With three polls in the last week from  IPSOS-Mori, YouGov and Scottish Progressive Opinion, we anoraks have had plenty to chew over.  They all employ quite different methodologies, so comparing them is a bit like trying to find points of similarity between broccoli, carrots and onions.

But they all indicate a significant shift in support towards the SNP.  Without any doubt, the electoral sands are shifting in Salmond’s favour, though we should be wary of hailing the victors based on what is being reported, for there are some fine details that are worthy of consideration.

First, the figures are being massaged a little at the edges.  This pre-occupation with dismissing don’t knows and uncertains to vote has a bearing on the findings.  The IPSOS-Mori poll gives the most detail with which to examine this phenomenon.  The headlines gave the SNP an 11 point lead on the constituency vote (45% to Labour’s 34%) and put them head by 10 points on the regional vote (42 to 32).  But that finding is based on participants’ voting intention and which party they are inclined to support and how certain they are to vote.  Which means rather than simply being a pure who will you vote for result, it has other things factored in as well.

One immediate consequence of doing this is to lower the sample size from the 1002 people polled to 681 respondents (or 667 if the weighted figure is used and we want to confuse matters further).  Thus, the margin for error increases on a lower number and moreover, it is universally accepted that you need a sample of 1000 to make a survey fully representative.

If we include all participants, the sample size goes back up and the figures shift slightly.  On the constituency vote it now looks like SNP on 43 and Labour on 34, a margin of 9 per cent, and on the regional vote, it is 40 to 32, a difference of 8 points.  See below for how this might impact on seats in Holyrood.

The sample then drops dramatically for the question on which party people are inclined to support.  Looking only at the findings for the constituency vote – I’m trying to simplify this, honest – we see that only 294 responded to the question and of that number, 88 were undecided or didn’t know and 73 refused to answer.  This means that only 133 people gave a substantive response, yet this finding was applied to the whole sample to come up with the headline finding ie SNP on an 11 point lead.

So what happens if we take out all the extraneous stuff and simply ask all people whom they intend to vote for?  We get a very different result.  On the constituency vote, the SNP is on 29%, Labour on 20%, Tories on 7%, Lib Dems om 6% and the don’t knows are on 23%.  For the list, it’s 28% SNP, 21% Labour, the Tories and Lib Dems on 7%, Greens on 4% and the don’t knows on 18%.

It is still a commanding lead for the SNP but suddenly, the large numbers of don’t knows – as also found by Scottish Progressive Opinion - become more relevant.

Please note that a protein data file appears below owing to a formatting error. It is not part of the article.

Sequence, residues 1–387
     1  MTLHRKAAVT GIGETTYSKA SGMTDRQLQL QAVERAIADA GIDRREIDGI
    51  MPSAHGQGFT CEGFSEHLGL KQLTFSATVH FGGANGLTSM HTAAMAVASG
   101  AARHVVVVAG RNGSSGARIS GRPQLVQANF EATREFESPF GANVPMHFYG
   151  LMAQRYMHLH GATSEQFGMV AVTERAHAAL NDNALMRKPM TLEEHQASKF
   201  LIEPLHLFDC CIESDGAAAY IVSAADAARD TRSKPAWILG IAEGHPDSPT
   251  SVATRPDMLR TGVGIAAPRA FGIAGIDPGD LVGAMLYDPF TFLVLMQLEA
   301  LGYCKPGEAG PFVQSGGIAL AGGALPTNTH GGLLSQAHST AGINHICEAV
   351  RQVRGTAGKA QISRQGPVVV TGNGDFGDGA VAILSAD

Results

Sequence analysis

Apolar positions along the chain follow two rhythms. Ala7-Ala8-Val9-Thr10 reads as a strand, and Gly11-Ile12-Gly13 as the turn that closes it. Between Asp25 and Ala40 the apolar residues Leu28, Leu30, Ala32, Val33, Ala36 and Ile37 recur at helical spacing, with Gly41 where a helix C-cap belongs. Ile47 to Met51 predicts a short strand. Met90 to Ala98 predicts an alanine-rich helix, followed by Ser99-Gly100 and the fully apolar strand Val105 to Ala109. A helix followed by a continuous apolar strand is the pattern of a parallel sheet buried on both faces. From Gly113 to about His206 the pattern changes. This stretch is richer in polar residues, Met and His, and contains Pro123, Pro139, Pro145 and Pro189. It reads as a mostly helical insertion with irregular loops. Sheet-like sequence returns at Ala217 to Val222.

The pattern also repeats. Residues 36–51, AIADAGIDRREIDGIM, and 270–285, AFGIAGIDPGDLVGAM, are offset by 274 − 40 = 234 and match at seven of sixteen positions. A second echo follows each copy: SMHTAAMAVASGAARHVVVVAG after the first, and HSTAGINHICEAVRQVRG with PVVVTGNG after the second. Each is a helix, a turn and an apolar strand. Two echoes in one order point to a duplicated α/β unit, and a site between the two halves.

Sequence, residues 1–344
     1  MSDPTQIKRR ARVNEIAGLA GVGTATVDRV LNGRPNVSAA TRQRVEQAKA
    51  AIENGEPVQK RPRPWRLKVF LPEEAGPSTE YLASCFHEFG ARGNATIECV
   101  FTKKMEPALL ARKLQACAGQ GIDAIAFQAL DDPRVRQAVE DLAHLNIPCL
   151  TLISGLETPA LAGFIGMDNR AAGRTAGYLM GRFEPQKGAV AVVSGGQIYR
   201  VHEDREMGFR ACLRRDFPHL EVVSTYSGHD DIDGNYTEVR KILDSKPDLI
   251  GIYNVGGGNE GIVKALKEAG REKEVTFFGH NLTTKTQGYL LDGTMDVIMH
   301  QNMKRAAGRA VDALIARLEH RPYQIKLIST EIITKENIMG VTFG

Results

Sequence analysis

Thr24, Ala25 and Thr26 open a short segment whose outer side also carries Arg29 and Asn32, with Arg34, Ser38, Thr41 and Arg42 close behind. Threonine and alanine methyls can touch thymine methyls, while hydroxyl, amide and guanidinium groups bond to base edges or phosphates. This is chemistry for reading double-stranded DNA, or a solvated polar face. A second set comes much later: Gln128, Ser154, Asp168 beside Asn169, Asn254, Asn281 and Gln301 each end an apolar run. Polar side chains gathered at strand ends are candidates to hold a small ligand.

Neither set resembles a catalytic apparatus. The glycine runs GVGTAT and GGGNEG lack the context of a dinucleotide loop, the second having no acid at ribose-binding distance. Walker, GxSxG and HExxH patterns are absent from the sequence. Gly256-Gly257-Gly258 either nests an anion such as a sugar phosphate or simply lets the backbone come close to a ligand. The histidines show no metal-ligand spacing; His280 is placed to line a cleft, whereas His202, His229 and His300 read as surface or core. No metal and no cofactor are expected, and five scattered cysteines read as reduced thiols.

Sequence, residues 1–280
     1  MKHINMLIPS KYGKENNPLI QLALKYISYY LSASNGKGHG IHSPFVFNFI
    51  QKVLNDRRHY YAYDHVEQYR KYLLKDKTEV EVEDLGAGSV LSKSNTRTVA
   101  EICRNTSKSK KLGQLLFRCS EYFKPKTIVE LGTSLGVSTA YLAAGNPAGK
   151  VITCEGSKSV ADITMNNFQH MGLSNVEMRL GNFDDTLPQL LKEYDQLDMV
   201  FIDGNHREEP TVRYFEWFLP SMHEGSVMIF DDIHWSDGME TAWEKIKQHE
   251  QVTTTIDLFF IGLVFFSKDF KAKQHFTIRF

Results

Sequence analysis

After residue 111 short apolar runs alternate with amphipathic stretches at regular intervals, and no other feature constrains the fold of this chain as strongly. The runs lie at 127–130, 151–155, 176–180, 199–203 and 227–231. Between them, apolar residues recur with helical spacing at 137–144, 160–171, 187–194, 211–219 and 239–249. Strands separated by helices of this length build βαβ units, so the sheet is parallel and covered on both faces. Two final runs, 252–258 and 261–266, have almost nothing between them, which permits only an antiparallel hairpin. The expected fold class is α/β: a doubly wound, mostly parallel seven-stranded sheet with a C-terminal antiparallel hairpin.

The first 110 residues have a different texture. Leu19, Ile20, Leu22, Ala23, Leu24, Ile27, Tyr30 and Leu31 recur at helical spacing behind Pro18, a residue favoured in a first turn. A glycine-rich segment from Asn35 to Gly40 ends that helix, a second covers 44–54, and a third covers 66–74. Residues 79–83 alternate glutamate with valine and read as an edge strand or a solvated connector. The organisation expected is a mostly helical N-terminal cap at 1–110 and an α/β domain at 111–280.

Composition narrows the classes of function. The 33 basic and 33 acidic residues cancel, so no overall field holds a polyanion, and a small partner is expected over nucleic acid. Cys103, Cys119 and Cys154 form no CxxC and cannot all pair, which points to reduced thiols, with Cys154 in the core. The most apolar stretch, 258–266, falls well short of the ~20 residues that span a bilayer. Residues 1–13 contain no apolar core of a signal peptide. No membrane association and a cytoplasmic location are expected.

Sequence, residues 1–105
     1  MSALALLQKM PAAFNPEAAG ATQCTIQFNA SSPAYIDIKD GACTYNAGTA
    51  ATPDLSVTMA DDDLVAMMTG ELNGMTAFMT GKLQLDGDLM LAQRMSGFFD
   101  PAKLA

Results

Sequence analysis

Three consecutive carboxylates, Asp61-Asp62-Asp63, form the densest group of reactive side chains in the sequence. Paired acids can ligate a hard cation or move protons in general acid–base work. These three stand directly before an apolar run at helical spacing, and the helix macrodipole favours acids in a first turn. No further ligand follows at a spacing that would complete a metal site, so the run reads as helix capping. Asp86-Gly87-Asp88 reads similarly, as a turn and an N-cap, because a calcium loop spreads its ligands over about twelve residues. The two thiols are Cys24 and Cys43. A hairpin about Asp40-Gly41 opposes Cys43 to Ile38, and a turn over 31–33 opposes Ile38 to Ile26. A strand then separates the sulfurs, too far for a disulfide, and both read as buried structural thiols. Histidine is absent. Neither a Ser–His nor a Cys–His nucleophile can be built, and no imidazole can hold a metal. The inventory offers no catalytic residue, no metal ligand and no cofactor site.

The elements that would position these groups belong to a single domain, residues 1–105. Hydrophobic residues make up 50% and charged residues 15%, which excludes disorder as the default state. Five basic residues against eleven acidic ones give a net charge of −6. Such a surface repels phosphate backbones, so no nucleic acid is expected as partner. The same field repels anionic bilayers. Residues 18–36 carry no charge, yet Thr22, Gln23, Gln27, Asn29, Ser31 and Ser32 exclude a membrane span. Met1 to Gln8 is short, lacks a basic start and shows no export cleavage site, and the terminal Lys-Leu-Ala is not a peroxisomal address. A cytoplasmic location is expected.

The adjustments for certainty to vote are much more subtle in YouGov’s poll findings but it is not clear how many people fall out of the sample because that detail is not given.  However, the vagaries of the electoral system mean that even a percentage point of difference – Labour is on 32% when the findings are adjusted compared to 33% when they are not – results in Labour gaining another couple of seats when those findings are entered into ScotlandVotes predictor.

It is also worth noting that YouGov’s sample size has increased considerably.  In March’s poll, it was 1025; last week’s Scotland on Sunday poll was based on a sample of 1135 adults;  and this week’s sample was 1332.  It should make for a more accurate picture but there is still considerable weighting being applied, one presumes on the basis of Westminster voting record rather than previous Scottish Parliament vote share.

The general point holds true: every time the raw data is poked around with, no matter how stringently rules are adhered to, there is a risk of contamination and affecting the findings.

And every time don’t knows are airbrushed out of the equation, the findings are being skewed somewhat.  Some of these will be genuinely unsure voters who will make up their minds at the last minute, some as late as when they reach the polling booth;  others will actually be won’t says ie they know how they are going to vote but they won’t share it;  others can now be considered as won’t votes.  At this late stage of the campaign, if people have not made their minds up, often they simply will not bother to vote at all.

So while the large numbers of undecideds might still give the Labour party a glimmer of hope, their potential for causing a swing back is diminishing day by day.  Indeed, some will simply make for the winners’ bandwagon which is more good news for the SNP.

Finally, a percentage poll lead does not translate into a gain by that margin.  A ten point poll lead translates into a much smaller swing which means most Labour MSPs will escape, albeit with their majorities scythed.  The SNP’s potential gains are just as likely to come from the Tories and the Liberal Democrats but in all cases, local factors and incumbency come into play.  On the face of it, Ayr and Galloway and West Dumfries should fall but both have longstanding, respected Conservative MSPs.  Moreover, both Tavish Scott and Iain Gray are unlikely to lose their seats and Kevin Stewart in Aberdeen Central, as depute leader of a council forced to make horrendous cuts to balance the books, might find it harder to shift an incumbent MSP than all the polls suggest.

It all adds up to a great big headache and a couple of truisms:  all to play for and the only poll that counts is the real one on 5 May.